issues, and I want you to give simple and straight forward answers
regarding your stance, don’t worry about explaining it. And remember,
you aren’t running for office, so no bullshit.
Bret: Abortion: yay or nay?
Bret: Abortion: yay or nay?
Nikk: Abortion? I’ve said before that it is NOT an issue about the
humanness of the fetus, but about the right to control your own body. A
woman has the right to expel an unwanted parasite. It’s that simple.
Whether she should or not, that’s another question. I believe in the
right to abort a pregnancy for any reason.
Bret: So... can I get a yay for abortion?
Bret: Kidding... Unions, yay or nay?
Nikk: As long as they’re not public schoolteacher’s unions! Yes, I
believe in unions, but more, I believe in the right of workers to their
workplace. It belongs to those who are the real creators of the wealth.
I’m a real big fan of the IWW (Industrial Workers of the World).
Bret: I’ll resist the urge to point out the hypocrisy of saying it’s
okay for a government to step in and tell people how they can
organize... failed. I’m so weak.
Nikk: Well, I’m just against the coercion of the public school system,
so its teachers aren’t much of a concern of mine. Compulsory education
is anti-human and anti-child, and exists to prepare wage slaves for the
capitalist system. It’s also funded through property taxation, which is
immoral and makes the government a landlord and the homeowner merely a
tenant. No one should be forced to pay for a service they don’t use,
Bret: That’s not how the lightning round works, cheater!
Nikk: Well, I’m sorry!
Bret: How about child pornography, yay or nay? I’m determined to just get a simple answer on one of these.
Nikk: Child porn violates the rights of children, as they don’t give
their consent to be in it. It’s a form of very cruel exploitation, of
Bret: So nay on child porn?
Nikk: I answered that.
Bret: You said nay? Or you said child porn violates the rights of children... blah blah blah. Just say nay, it’s not a trick.
Nikk: I’m against child pornography, yes. I’m also against expanding its
definition to things where no real child is ever involved.
Bret: You’re over-thinking this.
Nikk: No. The law has tried to claim it’s illegal to depict children in
sex acts in a comic book that is entirely the creation of someone’s
imagination, for example. I wouldn’t be in favor of such comic books, or
novels, or whatever. But you can’t arrest people for thought crimes.
Bret: Torturing Bradley Manning, yay or nay?
Nikk: Nay on the torture of real heroes.
Bret: If you could have lunch with anyone, who would it be?
Nikk: Dead, Karl Marx, to ask him if there’s any substance behind that enormous beard. What was up with that beard?
Bret: I think him and Darwin were having a Satanic beard-off.
Nikk: Living? Someone who will pay for a very nice restaurant. I’m too broke to afford a good meal
Nikk: Dead, second choice, Isaac Asimov. He would be fun.
Bret: How many free meals are you expecting here? Maybe you are left-wing.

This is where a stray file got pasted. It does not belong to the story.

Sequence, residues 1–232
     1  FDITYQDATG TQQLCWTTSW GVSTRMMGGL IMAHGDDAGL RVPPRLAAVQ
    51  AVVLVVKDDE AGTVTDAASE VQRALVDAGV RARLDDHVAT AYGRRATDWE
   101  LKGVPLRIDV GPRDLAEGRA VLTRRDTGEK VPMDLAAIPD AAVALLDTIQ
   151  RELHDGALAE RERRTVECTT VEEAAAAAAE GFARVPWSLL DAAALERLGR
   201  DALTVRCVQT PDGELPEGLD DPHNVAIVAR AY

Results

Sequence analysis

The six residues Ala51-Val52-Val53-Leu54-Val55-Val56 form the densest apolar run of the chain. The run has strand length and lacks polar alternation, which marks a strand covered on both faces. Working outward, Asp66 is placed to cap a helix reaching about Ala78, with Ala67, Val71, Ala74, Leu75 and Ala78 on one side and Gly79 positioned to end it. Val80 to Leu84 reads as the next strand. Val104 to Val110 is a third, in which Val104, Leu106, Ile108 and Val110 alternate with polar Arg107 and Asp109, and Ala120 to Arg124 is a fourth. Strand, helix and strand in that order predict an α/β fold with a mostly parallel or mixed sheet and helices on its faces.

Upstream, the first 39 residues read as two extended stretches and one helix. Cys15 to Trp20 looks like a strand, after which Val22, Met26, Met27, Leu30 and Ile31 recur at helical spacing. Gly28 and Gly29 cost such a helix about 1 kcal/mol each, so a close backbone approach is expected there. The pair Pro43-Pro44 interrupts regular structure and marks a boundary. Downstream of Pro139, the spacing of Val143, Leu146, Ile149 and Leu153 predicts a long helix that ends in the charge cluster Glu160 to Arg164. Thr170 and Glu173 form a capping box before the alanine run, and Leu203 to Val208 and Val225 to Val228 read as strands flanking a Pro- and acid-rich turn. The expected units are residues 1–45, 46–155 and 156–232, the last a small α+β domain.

Nikk: At least one! When do we eat, Brett?
Bret: We just did, you had a tuna sandwich.
Nikk: Well, what other questions can you possibly ask, or what else would you like to know? I have plenty of time...
Bret: Where do you see the US in 10, 20 and 50 years?
Nikk: I’m going to attempt to eat a giant chocolate chip cookie before I answer that.
Nikk: Okay, cookie was too big. I had to break it up into smaller
pieces. Just like the U.S. is too big, both geographically and in
population. You can’t effectively govern such bigness from a single
capital city. In ten years I see the US as a dying superpower, with such
massive debt that it must pull out of its overseas military operations.
In 20 years, either some form of temporary stability through real
reform, or a strong man named Bret Alan comes to power to “solve” our
problems [editor’s note: not a role I ever want, and not something I
imagine I will ever have to worry about being offered]. In 50 years, I
think the country will be broken up into smaller, independent states.
Bret: So which state will attack another first when we break up? My
money is on Texas invading Calizona. No no, Calizonada. Hmm…. or
Calizonadagon… ooh and Texahomsas.
Nikk: Don’t mess with Texas! I’ve known a couple of people who’ve moved
there. They like it. No one will attack; they’ll have learned the
foolishness of such things by the failures of the old Federal
Bret: See, I disagree. European history indicates that people don’t “learn” that lesson. As does Chinese history.
Nikk: The US isn’t Europe.
Bret: True, we didn’t last even a fraction as long as Rome.
Nikk: No, we didn’t, and it would be interesting to see what future historians will say about the United States.
Bret: I think historians will talk about the US like they talk about the
Habsburg Empire... which is to say only historians will be talking
about us. So you believe in American exceptionalism? Or am I mistaken in
Nikk: To an extent, I do. I think something different was created on